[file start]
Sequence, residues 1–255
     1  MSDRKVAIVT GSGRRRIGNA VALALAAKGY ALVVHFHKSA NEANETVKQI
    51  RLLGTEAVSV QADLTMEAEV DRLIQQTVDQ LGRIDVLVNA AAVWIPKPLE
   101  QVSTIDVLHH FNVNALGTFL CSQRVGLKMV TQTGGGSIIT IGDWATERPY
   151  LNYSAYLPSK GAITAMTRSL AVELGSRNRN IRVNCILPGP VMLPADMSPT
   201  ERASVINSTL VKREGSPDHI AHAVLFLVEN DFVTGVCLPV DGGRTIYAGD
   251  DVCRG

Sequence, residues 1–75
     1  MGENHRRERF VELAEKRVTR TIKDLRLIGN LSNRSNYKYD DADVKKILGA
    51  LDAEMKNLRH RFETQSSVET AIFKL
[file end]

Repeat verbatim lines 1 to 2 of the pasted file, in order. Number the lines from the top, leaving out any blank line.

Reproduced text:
Sequence, residues 1–255
     1  MSDRKVAIVT GSGRRRIGNA VALALAAKGY ALVVHFHKSA NEANETVKQI